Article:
An Insider’s Perspective to ESC’s Cybersecurity
By Doug Holland, AMK-230 Cybersecurity Federal Shared Service Center
Vol.8 Issue 2

None of us are immune to falling victim to a phishing attack (a tactic used to steal online user data), and this includes seasoned Cybersecurity professionals. I have had a long career, spanning decades in the IT Cybersecurity discipline. I believe I am sufficiently educated on the topic of phishing. Additionally, I would consider myself quite paranoid and careful, yet I recently failed to remain diligent. As a result, I fell victim to a simulated phishing attack. While attempting to multitask at the end of a meeting, I was quickly going through unread e-mails and mistakenly clicked on an embedded link for a purported MS Teams meeting. Upon further review of the e-mail, I immediately realized my mistake, but it was too late; I let my guard down for just an instant and that was all it took.

Phishing attack on smartphone, tablet, and laptop computer

In my case, I was lucky because I made my mistake on an exercise. Had it been an attack from a bad actor, I would have become an enabler of the attack. This act could have potentially exposed the entire enterprise to a bad actor or to compromise.

Despite an ongoing campaign by all IT organizations to educate their users about the risk of phishing attacks, security breaches associated with phishing still make up a large percentage of all cybersecurity incidents. According to the FBI’s 2020 Internet Crime Report (IC3), phishing attacks doubled in 2020 and costs associated with phishing attacks topped a staggering 1.8 billion dollars.

Phishing is not only an effective way to launch an attack on IT security defenses, it is very popular amongst hackers and its prevalence only seems to be rising along with the increasing popularity of social media platforms. Results vary between studies, but it is estimated that 60 – 80% of IT organizations have fallen victim to some form of phishing attack within the last year.

This may sound like a broken record, as we have all been through a deluge of training on this topic for years, but this is no time to be complacent -- the problem is only getting worse.

So, what can we do about potential phishing threats? Despite their best intentions and continued efforts, IT professionals have been unable to eliminate the success of phishing attacks effectively and consistently. You may be thinking, I am just a user of IT systems, so what can I really do about it? Well, the first thing a user must do to be part of the solution is to recognize that each one of us has a responsibility as a first line of defense. Secondly, we must do our part to educate ourselves on how we can each be part of the overall defense against phishing attacks. And finally, we must all remain diligent and practice what we have learned.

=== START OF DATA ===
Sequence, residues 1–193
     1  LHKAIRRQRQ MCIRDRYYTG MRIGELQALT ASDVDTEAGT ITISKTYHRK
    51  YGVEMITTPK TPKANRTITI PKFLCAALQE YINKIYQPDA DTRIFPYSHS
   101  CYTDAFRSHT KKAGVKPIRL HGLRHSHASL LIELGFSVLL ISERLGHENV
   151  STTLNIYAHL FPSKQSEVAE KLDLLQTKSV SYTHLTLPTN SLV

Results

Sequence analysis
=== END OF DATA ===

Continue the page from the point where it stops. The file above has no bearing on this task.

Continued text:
Hacker virus malware attack during coronavirus pandemic concept

There is no simple answer, but any defense of our IT systems is critically rooted in the education and ultimately the actions of the users of the systems. We all must do our part and understand that each one of us using these systems plays a critical part in ultimately defending systems from attack. We all must take our mandatory training seriously and ensure we have understood the material being presented. Ideally, we will take an interest in the topic of cybersecurity and take advantage of further educational opportunities that present themselves in both our personal and professional lives.

While using IT systems, we need to all practice what we have been taught to the best of our ability and remain vigilant. Be suspicious. Analyze every e-mail and practice extreme caution when clicking any links, opening attached files, or responding to questionable requests for information. Challenge yourselves to identify the phishing exercises and immediately report any suspicious activity regardless of its origin.

Remain vigilant everyone, we are all in this together. A chink in the armor of one is a vulnerability for us all. Our best defense is YOU.

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